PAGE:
Dad removing wood siding.  We saved the old oak boards to put back later.    Dad surveying project behind Freedom.We used a sawzall & circular saw and crowbar to cut out the foundation and the rotten part of all the boards.   Had to shorten the wall by 9 inches.  We used a hydraulic jack to lift up the building at this point.  Here, we have cut out the rotten foundation.   I only cut past the end of the rot, not further. Later - see below-  we "sistered-in" some boards to form a bigger "beam" from the new foundation to the ceiling.
Inside corner with hydraulic hand jack supporting doorway  and a  car jack holding up the corner.  We are concentrating on leveling the wall from the inside corner to the outside corner (pictured).

Locating & digging hole for tubular concrete form.  Plumb-bobs are vital for placement when you have to line up to existing structures.  We would dig down 18" to get below our regions frost line.  This plumb bob is marking the approximate outer edge of the concrete tube we'll pour.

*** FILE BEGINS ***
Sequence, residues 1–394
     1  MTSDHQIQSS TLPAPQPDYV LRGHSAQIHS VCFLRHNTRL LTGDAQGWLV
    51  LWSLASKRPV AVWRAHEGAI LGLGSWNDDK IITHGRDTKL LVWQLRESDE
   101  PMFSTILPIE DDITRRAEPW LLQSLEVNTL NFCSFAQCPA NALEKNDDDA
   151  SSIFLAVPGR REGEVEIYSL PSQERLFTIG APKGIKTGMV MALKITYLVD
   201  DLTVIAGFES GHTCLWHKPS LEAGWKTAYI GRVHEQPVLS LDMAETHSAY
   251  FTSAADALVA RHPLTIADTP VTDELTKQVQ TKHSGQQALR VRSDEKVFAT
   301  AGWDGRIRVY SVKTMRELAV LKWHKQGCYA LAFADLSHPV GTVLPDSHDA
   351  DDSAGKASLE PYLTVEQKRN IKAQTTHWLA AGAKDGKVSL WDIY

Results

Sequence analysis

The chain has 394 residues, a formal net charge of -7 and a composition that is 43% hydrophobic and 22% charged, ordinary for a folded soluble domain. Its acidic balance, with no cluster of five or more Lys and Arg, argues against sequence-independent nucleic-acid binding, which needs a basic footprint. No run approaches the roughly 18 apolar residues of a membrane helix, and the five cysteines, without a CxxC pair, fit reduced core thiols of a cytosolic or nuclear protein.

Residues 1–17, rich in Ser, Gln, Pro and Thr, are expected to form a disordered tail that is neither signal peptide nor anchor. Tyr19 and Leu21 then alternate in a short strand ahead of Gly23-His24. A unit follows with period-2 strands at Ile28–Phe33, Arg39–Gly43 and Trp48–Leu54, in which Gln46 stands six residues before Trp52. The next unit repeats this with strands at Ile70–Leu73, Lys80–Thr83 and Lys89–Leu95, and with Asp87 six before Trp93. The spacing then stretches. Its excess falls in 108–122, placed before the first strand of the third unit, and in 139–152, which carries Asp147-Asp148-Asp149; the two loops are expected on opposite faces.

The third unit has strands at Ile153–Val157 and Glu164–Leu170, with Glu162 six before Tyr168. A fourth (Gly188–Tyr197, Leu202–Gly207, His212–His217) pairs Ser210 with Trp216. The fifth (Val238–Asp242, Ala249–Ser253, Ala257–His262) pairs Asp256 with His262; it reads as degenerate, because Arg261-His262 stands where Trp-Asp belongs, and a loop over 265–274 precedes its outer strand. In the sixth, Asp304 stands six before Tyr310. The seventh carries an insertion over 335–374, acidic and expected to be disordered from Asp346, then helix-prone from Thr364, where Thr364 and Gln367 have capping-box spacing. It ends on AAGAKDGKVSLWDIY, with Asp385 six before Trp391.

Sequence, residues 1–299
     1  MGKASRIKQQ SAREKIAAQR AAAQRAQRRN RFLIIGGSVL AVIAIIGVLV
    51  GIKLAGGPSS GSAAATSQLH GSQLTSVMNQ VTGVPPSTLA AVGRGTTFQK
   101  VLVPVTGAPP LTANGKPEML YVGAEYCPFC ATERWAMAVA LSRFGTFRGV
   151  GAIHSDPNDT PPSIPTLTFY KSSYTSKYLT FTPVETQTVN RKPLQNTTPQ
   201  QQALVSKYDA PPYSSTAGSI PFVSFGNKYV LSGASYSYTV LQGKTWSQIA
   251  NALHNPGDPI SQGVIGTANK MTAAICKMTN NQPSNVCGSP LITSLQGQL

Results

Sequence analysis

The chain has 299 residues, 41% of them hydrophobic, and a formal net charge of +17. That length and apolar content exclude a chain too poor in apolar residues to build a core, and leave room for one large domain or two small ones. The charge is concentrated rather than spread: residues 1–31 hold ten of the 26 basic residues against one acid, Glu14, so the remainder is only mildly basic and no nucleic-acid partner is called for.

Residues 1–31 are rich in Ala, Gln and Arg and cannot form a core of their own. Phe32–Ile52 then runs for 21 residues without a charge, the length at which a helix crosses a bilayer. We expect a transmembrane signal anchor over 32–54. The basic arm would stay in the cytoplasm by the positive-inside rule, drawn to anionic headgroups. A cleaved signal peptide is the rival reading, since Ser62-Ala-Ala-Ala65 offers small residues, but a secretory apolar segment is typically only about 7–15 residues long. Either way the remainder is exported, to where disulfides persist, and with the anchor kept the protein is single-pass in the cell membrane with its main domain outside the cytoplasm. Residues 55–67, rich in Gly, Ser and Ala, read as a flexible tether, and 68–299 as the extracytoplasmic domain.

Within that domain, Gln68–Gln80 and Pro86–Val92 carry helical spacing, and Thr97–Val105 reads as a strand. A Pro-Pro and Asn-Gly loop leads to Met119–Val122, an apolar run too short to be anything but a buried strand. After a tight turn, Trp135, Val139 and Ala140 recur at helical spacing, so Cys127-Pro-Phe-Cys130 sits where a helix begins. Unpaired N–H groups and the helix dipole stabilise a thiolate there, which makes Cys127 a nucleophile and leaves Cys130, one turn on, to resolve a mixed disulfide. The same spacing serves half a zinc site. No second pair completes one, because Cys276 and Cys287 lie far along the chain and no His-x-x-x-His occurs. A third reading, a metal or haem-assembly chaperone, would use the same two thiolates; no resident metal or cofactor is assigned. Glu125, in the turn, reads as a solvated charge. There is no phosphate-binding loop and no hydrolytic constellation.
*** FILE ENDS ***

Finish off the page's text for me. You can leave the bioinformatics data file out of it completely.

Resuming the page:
Poured concrete pillar to support existing beams.   Notice plumb-bob used for locating rebar which needs to be centered under existing beam.   Rebar will go in hole drilled into beam that will be lowered onto it. 

Of course we use spacers to keep the beam off the cement.  Otherwise, the cement will whick moisture to the wood and rot it.  We generally use asphalt shingles as spacers. 

Inside view of same corner after we lowered the wall onto it's new support. (Notice shingle spacer).   You can see the "sistered-in" boards. From the inside corner to the outside corner, a distance of 14 ft, the wall had to be picked up 5 inches. In other words, the foundation collapse had allowed the building to fall 5 inches. The metal roof creaked and screeched as we re-bent it by jacking the structure.  That was cool!

The doorway & corner are supported so we're now moving down the entire outside side wall.

Good look at rotten sill on crumbling foundation to left.

Look Ma...Magic!  The wall is floating!!  How?  Actually, 2 tactically deployed hydraulic 2 ton jacks and a nice strong 6x6 oak support to the far left.  We feel like the magician pulling the tablecloth out from under the dishes!